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Learning From the Horse - March 19

Where is your mind right now? 

Are you present as you read this?  Are you still and focused, are you experiencing this moment? Or are you skim reading as you plan what you need to do later?
Are you thinking about tomorrow? Are you thinking about last week? Did your phone just buzz and distract you? 

The practice of mindfulness – described by Professor Mark Williams of the Oxford Mindfulness Centre – is living in your body and not your head – waking to the sights sound smells and tastes of the present moment – experiencing and being aware of your senses as they process information.

Meditation to centre and reconnect with yourself, to experience the world moment by moment, is a concept which has been around since the 5th century, practised most notedly by Buddhist monks but also replicated in many other cultures. More recently, in the last 10 years, practicing mindfulness, which is what meditation seeks to achieve, has become a buzzword for coping with the anxiety of modern life.  Even the NHS website now has a page on mindfulness, siting it as an important tool to improve mental wellbeing.

Picture yourself as a caveman, your primary focus is survival.  Your food must be caught or foraged for.  Life is dangerous, the natural environment and the creatures within it could cause your demise at any moment. You must produce as many children as possible to give a higher percentage chance of the survival of your species. You have to have your wits about you. Life is immediate, and without that focus on the immediate, early man would surely not have survived and flourished to become the super species we are today. You could sigh gratefully, life is so much easier now.

But modern man is not without his struggle.  The immediacy our internet culture demands causes us to feel constant pressure.  Men and Women feel pressure to be strong, to be good, to be right, to achieve so much, and don’t forget to look good doing it, and don’t forget to make it look easy too. We torture ourselves with thoughts of the past, we occupy ourselves with thoughts of the future. We lose connection with ourselves in the desperation we feel to connect to others and present a certain image of ourselves.

And what of the horse? Have you ever noticed how your horse behaves with you when you are preoccupied? Have you ever come away from a ride or a session with your horse where you have felt frustrated at both your performances, and concluded it was because you had “something on your mind”?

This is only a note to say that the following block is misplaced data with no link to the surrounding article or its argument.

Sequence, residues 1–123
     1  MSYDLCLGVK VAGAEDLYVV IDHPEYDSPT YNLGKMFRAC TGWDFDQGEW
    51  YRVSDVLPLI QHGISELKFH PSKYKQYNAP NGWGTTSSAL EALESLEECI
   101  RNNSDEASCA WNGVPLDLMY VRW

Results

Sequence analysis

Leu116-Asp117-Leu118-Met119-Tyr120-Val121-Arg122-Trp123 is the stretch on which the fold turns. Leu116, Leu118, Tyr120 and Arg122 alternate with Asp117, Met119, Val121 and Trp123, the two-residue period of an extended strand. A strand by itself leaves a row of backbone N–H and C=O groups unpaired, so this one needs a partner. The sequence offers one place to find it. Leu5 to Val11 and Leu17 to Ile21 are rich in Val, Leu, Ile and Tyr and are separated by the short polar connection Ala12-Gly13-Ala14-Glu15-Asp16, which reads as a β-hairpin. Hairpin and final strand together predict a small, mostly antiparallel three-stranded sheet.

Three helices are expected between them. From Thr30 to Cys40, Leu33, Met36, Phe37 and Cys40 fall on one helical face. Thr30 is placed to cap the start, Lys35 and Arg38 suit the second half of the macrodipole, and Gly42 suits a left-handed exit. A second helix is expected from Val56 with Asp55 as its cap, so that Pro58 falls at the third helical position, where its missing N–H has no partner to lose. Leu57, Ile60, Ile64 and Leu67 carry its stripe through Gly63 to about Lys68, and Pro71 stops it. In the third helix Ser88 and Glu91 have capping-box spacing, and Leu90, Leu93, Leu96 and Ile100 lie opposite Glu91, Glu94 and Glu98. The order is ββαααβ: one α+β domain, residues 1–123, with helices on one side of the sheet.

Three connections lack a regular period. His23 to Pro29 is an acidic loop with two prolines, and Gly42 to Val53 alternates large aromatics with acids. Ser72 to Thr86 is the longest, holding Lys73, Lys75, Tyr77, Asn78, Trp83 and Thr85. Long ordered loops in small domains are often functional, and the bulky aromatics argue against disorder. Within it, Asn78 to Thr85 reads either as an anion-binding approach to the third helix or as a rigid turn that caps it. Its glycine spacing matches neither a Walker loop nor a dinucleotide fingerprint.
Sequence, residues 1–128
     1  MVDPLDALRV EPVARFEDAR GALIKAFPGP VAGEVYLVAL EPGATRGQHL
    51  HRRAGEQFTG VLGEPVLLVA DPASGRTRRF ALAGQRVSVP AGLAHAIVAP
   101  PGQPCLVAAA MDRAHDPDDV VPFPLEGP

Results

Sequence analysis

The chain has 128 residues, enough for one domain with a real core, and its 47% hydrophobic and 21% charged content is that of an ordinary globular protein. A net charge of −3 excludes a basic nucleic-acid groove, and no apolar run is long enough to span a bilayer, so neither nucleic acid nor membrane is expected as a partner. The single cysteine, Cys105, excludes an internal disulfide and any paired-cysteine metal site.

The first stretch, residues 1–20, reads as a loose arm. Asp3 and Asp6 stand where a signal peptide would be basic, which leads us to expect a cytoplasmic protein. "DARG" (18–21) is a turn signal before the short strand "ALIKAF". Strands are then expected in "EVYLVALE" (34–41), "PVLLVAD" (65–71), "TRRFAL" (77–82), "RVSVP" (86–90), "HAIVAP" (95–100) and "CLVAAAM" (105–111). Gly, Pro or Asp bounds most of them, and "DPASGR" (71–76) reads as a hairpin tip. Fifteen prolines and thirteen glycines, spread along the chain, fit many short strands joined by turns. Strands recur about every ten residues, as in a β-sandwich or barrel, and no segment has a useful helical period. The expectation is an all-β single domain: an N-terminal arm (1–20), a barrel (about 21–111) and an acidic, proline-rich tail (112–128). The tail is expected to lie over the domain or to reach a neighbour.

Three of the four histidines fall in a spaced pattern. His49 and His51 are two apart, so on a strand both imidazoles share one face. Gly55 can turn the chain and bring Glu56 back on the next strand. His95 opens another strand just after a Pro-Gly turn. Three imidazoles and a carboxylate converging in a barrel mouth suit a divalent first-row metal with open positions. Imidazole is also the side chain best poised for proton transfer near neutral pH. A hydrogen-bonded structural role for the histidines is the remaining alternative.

Horses only have now. They have memories, they have immediate desires, but they don’t spend hours mulling over that conversation they had last week. They don’t worry about what you might think of them. They don’t create convoluted expectations for themselves, or for you.

In any given situation they will respond with fight or flight.  Their behaviour rationales are very simple, will it hurt me, has it hurt me before, can I run away from it?  In a split second they deem a situation safe enough to stay, or dangerous enough to act.  Action burns energy, so must only be taken if necessary. Their desires are as simple as companionship (safer in a herd), safety (is where I am right now safe), and sustenance (I must consume fibre, and for domestic horse, I must secure food from this human).

Those drivers don’t leave a whole lot of room for working nicely in the arena, being ridden, being given a task which is only for our human benefit. So how on earth can we implore them to meet our needs and succumb to our whims?  Their inherent generosity can only go so far, so how can we tap in to their desires?

It is a given that you are going to feed them, but how can we ensure they understand that life is safer with us, are we creating the safe place they need, and the companionship that makes them feel ultimately secure?

By being in the moment with them. 

You cant convince your horse you are keeping them safe if your face is in your phone and your brain is thinking about last week, or next week, because all they have is the now.

When your mind drifts on a hack and your horse flirts sideways because a pheasant flies up from the hedge, you are dragged back into the moment.  When I am working with the feet of a nervous horse, trying to make it feel safe, not rush it, keep myself safe, give it the patience it needs, I cannot have my head or my body anywhere else. I am as present as I get.

When people talk about equine therapy you automatically think of a counsellor and a kind horse and a person with problems.  But what if, merely by your interactions with horses, you are practicing mindfulness and, as the NHS suggests, improving your own mental health?

Here’s to now, and the animals who give us a chance to be there.

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